Belgium will stop administering the single-dose Johnson & Johnson coronavirus vaccine to people younger than 41 years old, following the death of a woman who was vaccinated with the jab, the health ministers announced on Wednesday.
Last week, the Federal Agency for Medicines and Health Products (FAMHP) was notified of a vaccinated patient admitted to hospital with severe thrombosis and reduced platelets. On Friday 21 May, she died.
The woman was under 40 years old, and was vaccinated via her (foreign) employer, meaning not as part of the Belgian campaign, according to the Vaccination Taskforce.
However, following the rare case, Belgium’s different health ministers decided to stop administering the Johnson & Johnson vaccine – which only requires one shot for full protection – to under-41s, and immediately requested an additional opinion from the European Medicines Agency (EMA).
“People who have already been invited for this vaccine and are younger [than 41] will be offered another vaccine,” tweeted Flemish Welfare Minister Wouter Beke after the decision was announced.
The incident could have a major impact on the timing of Belgium’s vaccination campaign, as everyone up to 40 years old can now only be vaccinated with two doses, which could result in delays.
The vaccine will continue to be used for the home vaccination of the elderly, and those in precarious situations such as the homeless, which is an important priority in the campaign.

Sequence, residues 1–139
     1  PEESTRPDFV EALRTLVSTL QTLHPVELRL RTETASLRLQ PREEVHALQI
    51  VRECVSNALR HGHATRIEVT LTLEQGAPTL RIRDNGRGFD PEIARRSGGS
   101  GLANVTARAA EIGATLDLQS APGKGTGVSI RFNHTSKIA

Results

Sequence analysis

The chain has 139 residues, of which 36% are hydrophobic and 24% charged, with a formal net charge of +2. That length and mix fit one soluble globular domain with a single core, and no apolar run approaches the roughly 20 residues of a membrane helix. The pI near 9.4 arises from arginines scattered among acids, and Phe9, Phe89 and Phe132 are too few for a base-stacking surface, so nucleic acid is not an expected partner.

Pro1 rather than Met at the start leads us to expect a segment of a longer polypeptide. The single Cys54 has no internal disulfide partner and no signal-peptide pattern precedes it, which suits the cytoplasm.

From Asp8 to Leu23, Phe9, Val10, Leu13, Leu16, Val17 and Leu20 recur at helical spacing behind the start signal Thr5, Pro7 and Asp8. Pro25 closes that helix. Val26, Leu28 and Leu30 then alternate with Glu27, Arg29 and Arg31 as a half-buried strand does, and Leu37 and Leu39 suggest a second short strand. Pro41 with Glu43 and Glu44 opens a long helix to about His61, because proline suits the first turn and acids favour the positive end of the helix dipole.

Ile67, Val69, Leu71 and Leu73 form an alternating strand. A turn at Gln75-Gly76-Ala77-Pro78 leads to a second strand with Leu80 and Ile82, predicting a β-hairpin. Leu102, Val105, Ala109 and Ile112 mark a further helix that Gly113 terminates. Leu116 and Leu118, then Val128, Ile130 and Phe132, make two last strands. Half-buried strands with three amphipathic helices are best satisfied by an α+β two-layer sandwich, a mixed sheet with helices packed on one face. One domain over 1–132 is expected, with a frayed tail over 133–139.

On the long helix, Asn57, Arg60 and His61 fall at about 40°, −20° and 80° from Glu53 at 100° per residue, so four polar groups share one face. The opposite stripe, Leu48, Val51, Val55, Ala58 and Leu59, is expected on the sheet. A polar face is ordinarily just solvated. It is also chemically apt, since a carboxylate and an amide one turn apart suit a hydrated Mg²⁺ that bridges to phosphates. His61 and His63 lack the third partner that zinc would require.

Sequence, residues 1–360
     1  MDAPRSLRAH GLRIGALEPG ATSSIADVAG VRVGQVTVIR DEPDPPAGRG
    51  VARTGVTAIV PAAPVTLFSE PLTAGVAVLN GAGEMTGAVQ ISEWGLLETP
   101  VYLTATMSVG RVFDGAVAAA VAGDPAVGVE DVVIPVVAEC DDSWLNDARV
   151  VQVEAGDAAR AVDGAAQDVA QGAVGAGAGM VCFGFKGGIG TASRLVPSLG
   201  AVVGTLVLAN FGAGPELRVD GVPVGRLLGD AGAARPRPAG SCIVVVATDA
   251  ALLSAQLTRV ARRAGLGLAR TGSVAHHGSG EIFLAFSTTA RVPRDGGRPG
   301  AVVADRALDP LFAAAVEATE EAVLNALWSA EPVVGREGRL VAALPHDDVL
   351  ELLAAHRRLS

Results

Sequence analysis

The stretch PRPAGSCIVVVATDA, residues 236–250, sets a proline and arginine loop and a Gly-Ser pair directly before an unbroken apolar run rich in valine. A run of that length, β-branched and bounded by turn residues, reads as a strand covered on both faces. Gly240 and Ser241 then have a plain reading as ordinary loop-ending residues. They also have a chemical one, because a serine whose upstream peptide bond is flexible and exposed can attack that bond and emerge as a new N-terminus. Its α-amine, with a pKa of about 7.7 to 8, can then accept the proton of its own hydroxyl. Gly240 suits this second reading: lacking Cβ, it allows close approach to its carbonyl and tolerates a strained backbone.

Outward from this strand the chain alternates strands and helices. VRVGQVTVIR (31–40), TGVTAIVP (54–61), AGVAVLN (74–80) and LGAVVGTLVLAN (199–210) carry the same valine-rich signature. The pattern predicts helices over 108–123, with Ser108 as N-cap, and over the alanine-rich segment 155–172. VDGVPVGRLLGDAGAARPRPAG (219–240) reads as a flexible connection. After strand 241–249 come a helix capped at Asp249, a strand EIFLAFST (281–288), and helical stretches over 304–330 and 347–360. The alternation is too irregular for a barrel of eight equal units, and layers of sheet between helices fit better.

On Tuesday, Beke already stated in the Flemish parliament that the aim of giving every adult their first dose by 11 July could be in jeopardy.
“If we cannot count on those vaccines, we will only achieve 85% vaccination coverage by 11 July,” he said.
On 20 April, the EMA’s safety committee (PRAC) already announced that a “possible link” between rare blood clots and the Johnson & Johnson vaccine was found.
While it stated that the blood clots should be listed as “very rare side effects” of the vaccine, the Agency confirmed that the overall benefit-risk analysis remained positive, and did not recommend an age limit.
Now, Belgium’s health ministers asked the EMA to carry out a new benefit-risk analysis for the vaccine, in function of age.
Update: This article has been updated to include a comment by Flemish Welfare Minister Wouter Beke regarding people under 41 who already received an invitation to be vaccinated with the Johnson & Johnson vaccine.